5. If I might add my far less well-thought-through and non-Greek-scholarly reflections to the mix…

    If our framework is “glory in God alone” (which is a right and biblical one), and if this is taken to exclude glorifying in other things (which I admit it seems to on first reading), then I think this verse should, indeed, challenge us and rewrite our way of thinking – not be explained away. For isn’t it right that we glory in other things besides God? (I know this sounds contradictory – to glory ‘only’ in something surely means that you can’t glory in something else – but not if the something else leads you to glorify the ‘only’.)

    We glory in God’s creation (not sure I can think of a verse for this one, it’s just a hunch). We glory in God’s people (see verses above). But there’s no contradiction here: because God made his world, and brings growth to his people, to glory in them is to glory in God’s good gifts which brings the glory right back to him.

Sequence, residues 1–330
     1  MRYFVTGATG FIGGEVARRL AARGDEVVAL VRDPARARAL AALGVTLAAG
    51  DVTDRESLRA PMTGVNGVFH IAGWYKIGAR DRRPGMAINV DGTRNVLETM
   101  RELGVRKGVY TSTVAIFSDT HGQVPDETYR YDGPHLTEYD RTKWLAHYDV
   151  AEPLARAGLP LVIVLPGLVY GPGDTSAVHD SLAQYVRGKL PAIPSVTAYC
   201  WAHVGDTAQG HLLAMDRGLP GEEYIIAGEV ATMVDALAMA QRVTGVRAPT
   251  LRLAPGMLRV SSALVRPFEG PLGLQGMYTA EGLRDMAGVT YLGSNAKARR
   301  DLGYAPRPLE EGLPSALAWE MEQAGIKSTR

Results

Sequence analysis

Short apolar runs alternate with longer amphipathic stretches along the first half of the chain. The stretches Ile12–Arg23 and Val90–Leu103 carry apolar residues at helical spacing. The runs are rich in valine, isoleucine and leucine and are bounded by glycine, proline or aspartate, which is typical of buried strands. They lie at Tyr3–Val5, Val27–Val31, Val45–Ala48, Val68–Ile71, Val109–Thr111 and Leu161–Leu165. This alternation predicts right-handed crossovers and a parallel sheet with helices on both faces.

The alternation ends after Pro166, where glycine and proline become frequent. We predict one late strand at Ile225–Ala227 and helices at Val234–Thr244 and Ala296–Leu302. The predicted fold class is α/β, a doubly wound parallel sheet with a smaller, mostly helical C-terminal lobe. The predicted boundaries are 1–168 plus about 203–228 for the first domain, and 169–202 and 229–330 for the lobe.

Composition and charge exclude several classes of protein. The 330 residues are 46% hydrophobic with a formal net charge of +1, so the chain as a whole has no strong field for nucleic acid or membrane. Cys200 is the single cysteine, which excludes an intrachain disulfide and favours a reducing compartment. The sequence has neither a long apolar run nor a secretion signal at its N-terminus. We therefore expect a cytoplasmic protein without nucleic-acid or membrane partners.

I guess what I’m saying (like Lionel?) is that there doesn’t need to be any either-or about this. To drive a wedge between them is to drive a wedge that isn’t in the Bible. The problem comes when we glory in things instead of, or more than, God – this is idolatry. There’s no problem when our glory in God’s good gifts leads us to thank and glorify God. I think I read something along these lines from Piper on joy and creation in “When I Don’t Desire God”.

    (I guess part of the issue is what we mean by ‘glory’ – if we mean ‘rejoice’, it’s good to glory in creation and people, as long as they lead us to glory ultimately in God; if we mean ‘serve’ or ‘worship’, that might not be so helpful.)

    To take a completely different tack…

    What about 1 Corinthians 3? Could Pual be talking about his reward on the last day: seeing his work and ministry bear fruit into eternity? A ministry which isn’t built on the foundation of Christ and which is destructive of his people will be burned up on the last day. A ministry which is built on Christ and which grows God’s people will bear fruit that will last into eternity. On the last day, the eternal fruit of our ministry in people’s lives will be part of our reward, our ‘boast’ and our joy. It’s a sign that we’ve been faithful, and an outworking of our faith. (I haven’t studied this passage in detail, so I may be reading it incorrectly.)